It is defined as a slow pitch that has virtually no spin and moves erratically, typically made by releasing the ball from between the thumb and the knuckles of the first joints of the index and middle finger. It is the toughest pitch to hit, throw or catch. It is the knuckleball and it is a tricky thing. It’s also the subject of this documentary. The knuckleball is a pitch kept alive by Tim Wakefield of the Red Sox and R.A. Dickey of the Mets during the 2011 Major League Baseball season. There’s also a bounty of great interviews and insights from Charlie Hough, Phil Niekro, and Jim Bouton. Knuckleballers are a small, fiercely proud fraternity who pass the finer points of the pitch down to the next generation of those willing to learn. It’s the pitch that moves around and flutters its way up to homeplate.
Fear Strikes Out (1957)
True story of the life of Jimmy Piersall, who battled mental illness to achieve stardom in the bigs. Played by Anthony Perkins, a very talented actor who has absolutely no baseball playing abilities, “Fear” works if you ignore Perkins’ clumsy attempts to look comfortable on a baseball diamond. Watch it for the great acting. Try and ignore the baseball.
The Life and Times of Hank Greenberg (1998)
The life and career of Hank Greenberg, the first major Jewish baseball star in the Major Leagues. It’s a tale told with archival film footage and plenty of interviews with Jewish and non-Jewish fans, Greenberg’s former teammates, friends, and family. Greenberg endured anti-semitism while playing firstbase for the Detroit Tigers. His hitting and fielding made him a hero and source of inspiration throughout a Jewish community starved for sports idols. Greenberg lead the Tigers to dominance in the 30’s, even against the vaunted Yankees.
American Pastime (2007)
There were heroes everywhere during World War II. Many came from the seas, the skies and the battlefields. Some came from internment camps in the middle of America. Japanese families were uprooted from their daily lives and relocated into camps and forced to prove their loyalty. Inside their lives was an enduring joy: baseball. What is more American than baseball? Not much, especially not in the 40’s. The story is basic, the acting is solid but not spectacular, but “American Pastime” tells the small story of a part of our history that too often gets forgotten.
Chadwick Boseman stars as Jackie Robinson, the first African American to play in the major leagues after Moses Fleetwood Walker and his brother Welday were forced out back in the late 1800’s. A color barrier existed and Robinson broke it. He faced racism, hatred and plenty of high inside pitches. Boseman is great, showing the anger he could not unleash and the undeniable desire and talent he had to play baseball at it’s highest level. Harrison Ford is Branch Rickey, the owner who signed Robinson and helped guide him to success. Alan Tudyk is amazing and appalling as Ben Chapman, manager of the Philadelphia Phillies. The racist rant unloaded on Robinson caused major embarrassment for his team, and followed him the rest of his life.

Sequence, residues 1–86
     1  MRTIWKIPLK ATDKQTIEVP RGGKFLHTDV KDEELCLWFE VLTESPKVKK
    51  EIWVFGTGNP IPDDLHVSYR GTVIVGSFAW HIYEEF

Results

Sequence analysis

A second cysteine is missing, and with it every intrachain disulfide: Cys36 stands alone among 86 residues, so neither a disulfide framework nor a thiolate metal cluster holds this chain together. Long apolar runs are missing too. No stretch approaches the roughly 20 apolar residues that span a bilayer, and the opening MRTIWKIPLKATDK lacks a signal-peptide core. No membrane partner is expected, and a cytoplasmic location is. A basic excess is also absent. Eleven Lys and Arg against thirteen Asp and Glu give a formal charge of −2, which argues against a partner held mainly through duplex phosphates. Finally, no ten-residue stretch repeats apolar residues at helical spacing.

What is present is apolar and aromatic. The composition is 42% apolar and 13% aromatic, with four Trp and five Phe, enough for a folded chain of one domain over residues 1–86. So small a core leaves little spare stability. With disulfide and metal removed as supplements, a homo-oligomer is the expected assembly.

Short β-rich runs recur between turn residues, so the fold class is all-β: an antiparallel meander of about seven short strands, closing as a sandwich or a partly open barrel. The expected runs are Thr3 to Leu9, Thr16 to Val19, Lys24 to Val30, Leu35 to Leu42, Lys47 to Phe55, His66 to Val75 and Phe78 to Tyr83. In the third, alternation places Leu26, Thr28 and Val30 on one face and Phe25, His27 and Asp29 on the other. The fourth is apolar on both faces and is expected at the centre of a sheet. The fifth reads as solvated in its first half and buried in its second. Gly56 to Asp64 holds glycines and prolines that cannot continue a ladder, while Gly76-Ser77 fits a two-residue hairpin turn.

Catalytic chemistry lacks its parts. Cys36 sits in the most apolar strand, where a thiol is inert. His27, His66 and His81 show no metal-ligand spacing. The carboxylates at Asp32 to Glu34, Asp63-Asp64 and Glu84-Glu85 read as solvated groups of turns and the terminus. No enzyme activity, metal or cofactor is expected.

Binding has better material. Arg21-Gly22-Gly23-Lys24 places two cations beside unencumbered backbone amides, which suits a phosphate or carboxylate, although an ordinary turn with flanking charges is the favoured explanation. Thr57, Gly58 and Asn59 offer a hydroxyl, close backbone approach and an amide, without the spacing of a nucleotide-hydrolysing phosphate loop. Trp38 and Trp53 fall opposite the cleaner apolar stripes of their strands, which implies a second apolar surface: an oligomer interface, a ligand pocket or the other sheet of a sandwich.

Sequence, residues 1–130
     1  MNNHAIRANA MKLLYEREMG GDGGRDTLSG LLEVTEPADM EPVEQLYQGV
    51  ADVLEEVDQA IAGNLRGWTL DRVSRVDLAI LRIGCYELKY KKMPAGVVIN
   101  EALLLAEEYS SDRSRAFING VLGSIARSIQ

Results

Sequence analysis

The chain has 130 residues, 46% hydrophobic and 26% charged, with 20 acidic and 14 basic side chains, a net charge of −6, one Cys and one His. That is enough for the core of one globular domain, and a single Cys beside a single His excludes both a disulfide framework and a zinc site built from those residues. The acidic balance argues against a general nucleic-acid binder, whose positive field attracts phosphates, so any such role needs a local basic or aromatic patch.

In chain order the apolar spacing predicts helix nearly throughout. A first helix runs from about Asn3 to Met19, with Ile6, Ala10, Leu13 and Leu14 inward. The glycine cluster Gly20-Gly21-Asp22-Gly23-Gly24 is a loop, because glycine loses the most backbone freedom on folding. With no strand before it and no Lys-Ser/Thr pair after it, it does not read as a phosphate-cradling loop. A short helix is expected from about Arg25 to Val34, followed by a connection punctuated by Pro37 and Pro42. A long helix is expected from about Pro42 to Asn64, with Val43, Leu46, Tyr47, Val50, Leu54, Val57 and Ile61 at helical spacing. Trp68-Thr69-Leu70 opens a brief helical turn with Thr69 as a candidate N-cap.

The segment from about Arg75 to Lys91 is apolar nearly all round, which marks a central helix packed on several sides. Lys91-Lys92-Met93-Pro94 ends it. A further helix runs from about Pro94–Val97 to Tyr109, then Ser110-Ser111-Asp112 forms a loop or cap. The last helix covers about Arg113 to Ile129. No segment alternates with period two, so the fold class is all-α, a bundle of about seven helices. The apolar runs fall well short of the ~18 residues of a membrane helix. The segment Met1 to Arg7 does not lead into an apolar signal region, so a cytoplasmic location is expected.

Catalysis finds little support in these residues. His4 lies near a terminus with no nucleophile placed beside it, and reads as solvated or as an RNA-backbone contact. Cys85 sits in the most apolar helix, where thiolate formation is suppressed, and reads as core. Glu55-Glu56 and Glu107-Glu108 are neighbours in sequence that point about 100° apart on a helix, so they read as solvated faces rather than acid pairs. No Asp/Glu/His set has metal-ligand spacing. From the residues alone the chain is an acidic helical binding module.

The only complaint I have is that there is no film for Larry Doby, a great player for the Cleveland Indians and the first African American in the American League. He came up the same year as Robinson, suffered the same hatred and barely gets a mention. Look him up, Larry Doby. A great man in his own right.
Million Dollar Arm (2014)
A Disney film based on a true story. Desperate and failing in his job as a sports agent, J.B.Bernstein is inspired by reality shows and cricket games on TV, he gets an idea. Jon Hamm is J.B. and the bold and crazy idea of scouring India in the hopes of finding cricket players and training them to become pro baseball players. His partner Aash is portrayed by Aasif Mandvi with great comic timing (as an aside, pick up a copy of Mandvi’s book, “No Land’s Man.” It is funny and insightful).
After a long, sometimes comical, search J.B. finds two talented, but non-cricket playing, youths, Rinku Singh and Dinesh Patel. He takes his prospects to Los Angeles where they find mastering a new and complicated sport as strangers in a strange land a daunting challenge. It’s a Disney movie, so you know there will be a happy ending. It’s also based on a true story, so it also has to be an honest ending too. “Million Dollar Arm” is both. It’s also a fun movie to watch.
Trouble With the Curve (2012)
Amy Adams and Clint Eastwood are a father and daughter with a love of baseball and an emotional cavern between them. He’s a scout losing his vision, she’s the young lady that falls for the failed can’t-miss kid (Justin Timberlake, who was very believable). There’s the latest can’t-miss kid who hits tape-measure home runs and the only thing bigger than his biceps is his attitude. Then there’s the poor kid who works at a seedy motel and somehow catches the attention of Adams. There are better baseball movies, but this one is not bad. Also, if you want to see a film about baseball with John Goodman that doesn’t stink up the joint like, “The Babe,” this is pretty much your only choice.